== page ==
In Scotland it is even lower than this, with it being;
- 50 milligrammes of alcohol per 100 milliliters of blood
- 67 milligrammes of alcohol per 100 milliliters of urine
- 22 micrograms of alcohol per 100 milliliters of breath
Drink Driving Statistics in Summary
You can see from the chart above that there has been a continual decrease in the number of accidents due to drink driving. However, it does appear to have plateaued since around 2010. This may be due to no major changes happening in the law since 2010. The first drink driving legislation came into play in 1872 and we have continued to tighten restrictions as time went by, but do we need to tighten further? Let's have a look at the history of drink driving laws in the UK.
The History of Drink Driving Legislations in the UK
This first legislation for drink driving was not in reference to driving a car, as it became an offence to be intoxicated whilst being in charge of a horse, carriage, cattle or a steam engine. The punishment was a fine, no greater than 40 shillings. You could also face a prison sentence, no longer than one month.
It became an offence to be in charge of any mechanically propelled vehicle in a public place or a highway. The punishment would be a fine, no greater than £50 or a prison sentence no longer than 4 months. The person in question could also be disqualified from driving for a minimum of one year.
There was still no measurable limit to how much alcohol you could consume behind the wheel, but it did become an offence to be in charge of a motor vehicle while ‘Under the influence of drink or a drug to such an extent as to be incapable of having proper control of the vehicle’
There were no new laws regarding drink driving but there was a change to the wording of the previous law to ‘unfit to drive through drink or drugs’ There was still no measurable legal limit.
This was the year where an actual measurable legal alcohol limit came into play. The limit was set at 80 milligrammes of alcohol per 100 milliliters of blood. This limit has not changed to this day in England, Wales and Northern Ireland. It was also announced this year that breathalysers will be phased in.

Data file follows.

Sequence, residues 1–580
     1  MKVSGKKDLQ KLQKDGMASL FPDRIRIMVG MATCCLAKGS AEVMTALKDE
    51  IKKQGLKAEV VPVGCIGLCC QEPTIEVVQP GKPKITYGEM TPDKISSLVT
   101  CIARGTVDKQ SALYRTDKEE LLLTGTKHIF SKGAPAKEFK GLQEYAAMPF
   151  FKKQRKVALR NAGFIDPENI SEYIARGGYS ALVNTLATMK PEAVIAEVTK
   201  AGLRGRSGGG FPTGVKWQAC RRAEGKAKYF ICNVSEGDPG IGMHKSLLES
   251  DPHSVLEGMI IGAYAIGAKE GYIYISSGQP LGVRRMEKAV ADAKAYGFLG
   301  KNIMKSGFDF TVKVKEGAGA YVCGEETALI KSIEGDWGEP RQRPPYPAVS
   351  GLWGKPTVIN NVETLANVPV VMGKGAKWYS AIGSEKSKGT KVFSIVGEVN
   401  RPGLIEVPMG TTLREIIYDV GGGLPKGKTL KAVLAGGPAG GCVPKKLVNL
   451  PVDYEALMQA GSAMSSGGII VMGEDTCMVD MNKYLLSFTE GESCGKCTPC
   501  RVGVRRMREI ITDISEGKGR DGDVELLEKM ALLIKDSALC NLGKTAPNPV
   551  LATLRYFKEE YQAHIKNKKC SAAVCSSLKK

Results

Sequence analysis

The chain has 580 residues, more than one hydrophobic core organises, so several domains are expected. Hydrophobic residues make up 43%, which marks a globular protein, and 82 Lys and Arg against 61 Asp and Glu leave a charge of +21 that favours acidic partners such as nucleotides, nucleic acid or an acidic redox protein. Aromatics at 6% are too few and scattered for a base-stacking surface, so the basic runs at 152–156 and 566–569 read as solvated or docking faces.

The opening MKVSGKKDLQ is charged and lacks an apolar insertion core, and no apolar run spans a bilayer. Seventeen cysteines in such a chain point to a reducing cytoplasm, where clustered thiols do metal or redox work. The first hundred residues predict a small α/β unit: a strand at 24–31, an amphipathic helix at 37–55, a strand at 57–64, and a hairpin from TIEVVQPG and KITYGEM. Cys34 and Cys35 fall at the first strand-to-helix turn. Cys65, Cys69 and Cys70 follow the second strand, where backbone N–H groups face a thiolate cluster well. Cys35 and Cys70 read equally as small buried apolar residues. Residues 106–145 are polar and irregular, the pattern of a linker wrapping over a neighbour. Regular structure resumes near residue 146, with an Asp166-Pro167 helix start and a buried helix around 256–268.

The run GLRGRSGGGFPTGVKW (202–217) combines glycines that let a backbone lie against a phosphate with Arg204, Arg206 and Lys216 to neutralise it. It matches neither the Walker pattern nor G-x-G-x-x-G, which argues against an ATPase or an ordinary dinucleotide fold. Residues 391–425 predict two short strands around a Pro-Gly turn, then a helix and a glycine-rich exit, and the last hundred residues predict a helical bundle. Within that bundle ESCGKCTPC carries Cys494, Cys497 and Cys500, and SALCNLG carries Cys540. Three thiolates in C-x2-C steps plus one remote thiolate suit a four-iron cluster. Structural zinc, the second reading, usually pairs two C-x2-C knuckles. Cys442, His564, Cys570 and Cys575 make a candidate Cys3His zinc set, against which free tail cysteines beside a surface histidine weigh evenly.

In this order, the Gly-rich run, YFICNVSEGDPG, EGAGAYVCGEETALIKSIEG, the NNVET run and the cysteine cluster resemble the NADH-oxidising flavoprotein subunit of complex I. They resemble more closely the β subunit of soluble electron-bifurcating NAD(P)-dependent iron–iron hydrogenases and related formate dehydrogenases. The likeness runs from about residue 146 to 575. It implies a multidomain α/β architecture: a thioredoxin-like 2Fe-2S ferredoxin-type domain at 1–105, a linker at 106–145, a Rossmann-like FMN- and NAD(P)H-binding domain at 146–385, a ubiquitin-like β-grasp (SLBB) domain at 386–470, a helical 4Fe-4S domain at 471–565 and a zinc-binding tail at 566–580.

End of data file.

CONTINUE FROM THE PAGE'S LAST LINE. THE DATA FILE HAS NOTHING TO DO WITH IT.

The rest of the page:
After years of testing beforehand, breath testing was finally being used. To this day, breath testing is still the main way of convicting people of drink driving.
A new offence was introduced as you could now be punished with a prison sentence of up to 5 years for ‘causing death by driving under the influence of alcohol or drugs’
If you were convicted of causing death by driving and being under the influence of alcohol or drugs, you would now have to pass an extended test before you were able to legally drive again.
A major government review was carried out, proposing reducing the legal drink driving limit to 50 milligrammes of alcohol per 100 milliliters of blood, which has now been implemented in Scotland. The possibility of permanent disqualification for repeat offenders was also discussed.
Drink Driving Convictions UK
The number of people being convicted of driving or attempting to drive whilst over the legal alcohol limit is also decreasing as the years go on. The statistics below, are from drinkdriving.org, and they show the decrease in convictions between 2005 - 2015;
|Year||Convictions (Total)||Convictions (Male)||Convictions (Female)|
The average convictions during the years of 2005-2014 was 61,946. This shows that the convictions in 2015 are well below the average of the previous 9 years.
Of all the the convictions mentioned above, the following is the breakdown of the punishments handed out;
- 76% of people were given a fine*
- 16% of people were handed a community order
- 3% of people received a suspended sentence**
- 2% of people were sentenced to immediate custody**
- 0.5% of people received a conditional discharge
- 0.2% of people were given an absolute discharge
*This could be between £25 and £5,000. The majority were given between £100 - £150
*Prison sentences ranged from up anywhere within a year. The majority were given a sentence of less than 3 months.
In conclusion, it appears as though there are improvements being made to decrease drink driving incidents, and they have been working, but it is not enough. There are still far too many injuries and deaths occurring every year due to drink driving. The survey we conducted shows that there are plenty of people that believe more should be done in regards to lowering the drink driving limit. Maybe there should be more education on the subject, as there are a huge number of young drivers who would like to see the drink driving limit increased, when young drivers make up a big percentage of the drink driving accidents. Maybe we have not seen the last time stricter measures were taken in regards to the laws on drink driving.
Drink driving is not the only problem on UK roads. Take a look at our drug driving statistics piece.